As a child, Carol Burnett would sometimes climb the landmark Hollywood sign, which back then still spelled out Hollywoodland. “It was rickety scaffolding behind them,” Carol says of the giant letters, adding that the O’s were her favorite. “It was a wonder we didn’t break our necks.”

Daring, undeniable talent and some incredibly good fortune helped Carol, who turned 90 in April, become a show business legend, but her strength has also been severely tested by tragedy and unimaginable personal loss. Carol says she perseveres by “just knowing that when you’re down, there is always going to be an up. Life can change on a dime, so just be grateful today for what you have.”

The child of alcoholics, Carol and her half-sister, Chrissie, found fragile stability with the grandmother who raised them in a Los Angeles boardinghouse. Money was scarce, but splurging on an afternoon at the movies became a much-needed escape. “I think those movies may be what did it for me — an imprint on a young mind and a young girl growing up that everything’s possible. You can be happy,” says Carol.

Steve Boettcher, producer of the recent film Carol Burnett: A Celebration, calls the comedienne an inspiration. “She would go to the movies and just dream, as young children do,” he says. “It’s so exciting that she achieved so much and she paved the way for so many.”

Something about Carol’s moxie attracted good luck. In 1951, an anonymous donor mailed her the $50 tuition she needed to attend UCLA. “I still don’t know who it was,” confesses Carol, who signed up for an acting class en route to entering the playwright program. The day she got her first laugh on stage opened her eyes. “I had always been a quiet, shy, sad sort of girl, and then everything changed,” she recalls.

Carol experienced a second stroke of luck a few years later. After performing at a party during her junior year, an impressed guest offered Carol and her future first husband an interest-free loan to help them get to New York for auditions. “I had never seen that many zeros in my life,” she recalls.

David Fisher/Shutterstock

Within a year, Carol had become a popular cabaret and nightclub performer, but her life couldn’t remain charmed forever. In 1957, she achieved her dream of appearing on Ed Sullivan and The Tonight Show, but then her mother passed away after years of alcohol abuse. “No one ever said life was fair,” says Carol. “Just eventful.”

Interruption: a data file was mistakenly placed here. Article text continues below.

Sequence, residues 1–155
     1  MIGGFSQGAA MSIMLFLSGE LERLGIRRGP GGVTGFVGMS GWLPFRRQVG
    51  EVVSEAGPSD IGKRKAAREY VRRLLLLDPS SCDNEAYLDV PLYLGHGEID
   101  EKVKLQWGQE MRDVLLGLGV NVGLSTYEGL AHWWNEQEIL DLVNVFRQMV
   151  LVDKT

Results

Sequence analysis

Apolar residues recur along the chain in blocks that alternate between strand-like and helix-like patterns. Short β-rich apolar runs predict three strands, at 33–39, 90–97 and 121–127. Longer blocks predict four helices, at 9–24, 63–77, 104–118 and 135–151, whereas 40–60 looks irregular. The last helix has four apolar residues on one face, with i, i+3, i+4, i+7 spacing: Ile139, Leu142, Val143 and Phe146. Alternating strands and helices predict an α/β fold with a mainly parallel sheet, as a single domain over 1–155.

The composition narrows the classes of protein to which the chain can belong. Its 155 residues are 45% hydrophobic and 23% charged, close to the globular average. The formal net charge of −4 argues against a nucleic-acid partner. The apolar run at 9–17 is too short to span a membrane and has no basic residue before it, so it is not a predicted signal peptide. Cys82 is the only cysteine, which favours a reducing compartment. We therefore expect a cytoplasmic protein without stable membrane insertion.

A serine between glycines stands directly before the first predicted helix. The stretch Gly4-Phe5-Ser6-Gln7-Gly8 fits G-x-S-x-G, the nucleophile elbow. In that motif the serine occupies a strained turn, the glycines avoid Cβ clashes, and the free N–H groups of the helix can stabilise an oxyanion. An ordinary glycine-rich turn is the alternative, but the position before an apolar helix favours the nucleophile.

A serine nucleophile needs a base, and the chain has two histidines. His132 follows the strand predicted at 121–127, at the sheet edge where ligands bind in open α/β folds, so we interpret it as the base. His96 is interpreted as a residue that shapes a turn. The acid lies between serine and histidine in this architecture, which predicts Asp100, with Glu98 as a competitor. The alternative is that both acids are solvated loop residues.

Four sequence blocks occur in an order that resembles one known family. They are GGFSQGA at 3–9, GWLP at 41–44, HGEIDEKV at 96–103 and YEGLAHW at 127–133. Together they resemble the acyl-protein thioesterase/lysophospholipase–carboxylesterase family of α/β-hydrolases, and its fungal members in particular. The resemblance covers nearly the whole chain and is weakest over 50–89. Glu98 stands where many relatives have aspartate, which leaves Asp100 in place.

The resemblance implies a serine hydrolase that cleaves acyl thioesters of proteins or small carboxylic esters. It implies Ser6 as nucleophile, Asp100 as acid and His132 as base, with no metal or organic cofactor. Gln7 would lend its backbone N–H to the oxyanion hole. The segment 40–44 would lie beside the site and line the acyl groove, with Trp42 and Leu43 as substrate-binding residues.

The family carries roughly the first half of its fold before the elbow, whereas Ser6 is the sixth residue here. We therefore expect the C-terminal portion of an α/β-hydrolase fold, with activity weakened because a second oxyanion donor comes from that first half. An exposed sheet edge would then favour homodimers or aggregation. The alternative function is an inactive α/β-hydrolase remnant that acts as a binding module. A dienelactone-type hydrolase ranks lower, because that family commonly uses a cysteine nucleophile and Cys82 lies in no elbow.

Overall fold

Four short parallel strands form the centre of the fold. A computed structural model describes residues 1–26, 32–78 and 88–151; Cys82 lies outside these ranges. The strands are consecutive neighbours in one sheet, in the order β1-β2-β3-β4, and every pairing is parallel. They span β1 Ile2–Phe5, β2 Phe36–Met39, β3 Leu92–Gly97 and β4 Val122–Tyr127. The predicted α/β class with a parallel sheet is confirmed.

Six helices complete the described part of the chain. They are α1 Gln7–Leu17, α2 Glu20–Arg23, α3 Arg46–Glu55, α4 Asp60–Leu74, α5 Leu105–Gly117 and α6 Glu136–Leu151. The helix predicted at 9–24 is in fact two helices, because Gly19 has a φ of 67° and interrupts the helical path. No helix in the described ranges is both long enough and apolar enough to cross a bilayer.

She soldiered on and broke through playing Princess Winnifred off-Broadway in Once Upon a Mattress. “I didn’t get a day off,” says Carol, who was simultaneously appearing on The Garry Moore Show. One night, while playing Winnifred, she fell asleep on stage. “I was out for about 10 or 15 seconds,” she recalls. “The stage manager in the wings was saying, ‘Carol, Carol, wake up!”

By the dawn of the 1970s, Carol appeared to have it all. She was the star of TV’s most popular variety series, wife to show producer Joe Hamilton, and mother of three girls, Carrie, Jody and Erin. “[The network] did not expect us to last past that first season, but got over 270 episodes in 11 years,” she says.

Punkin/Whacko Inc/Kobal/Shutterstock

On the series, Carol reveled in bringing characters like Eunice, Starlett O’Hara and an over-the-top Queen Elizabeth to life. “Comedy is where she escapes,” says former co-star Vicki Lawrence, who praises Carol for being generous and supportive. “She would be the first person standing on the side of the stage leading the laughter.”

At the height of Carol’s success, a storm began brewing as her teenage daughter Carrie started using alcohol and drugs. “It’s a way to sort of numb the pain that comes with growing up,” said Carrie, who was involuntarily sent to rehab three times before she gained sobriety after five tumultuous years.

‘The strain likely impacted Carol’s marriage to Joe, as the couple divorced in 1984. Fortunately, Carol and her daughter became close before Carrie died from the complications of lung cancer in 2002. “There’s not a day or almost a moment goes by that she’s not with me,” says Carol.

At 90, the star has only slowed down a little. She and third husband Brian Miller have stepped in to raise her grandson Dylan, 16, the son of her youngest daughter, Erin. “He texted me just yesterday to say, ‘I love you so much,’” shares Carol, who says that she stays sharp by playing Wordle and doing crossword puzzles. The six-time Emmy winner is still working, too. She will next appear in Palm Royale, a 10-part comedy coming soon to Apple TV+. Through good times and challenging times, Carol’s learned to keep smiling. “It all happened the way it was supposed to,” she says. “I wouldn’t change anything. I had a good run.”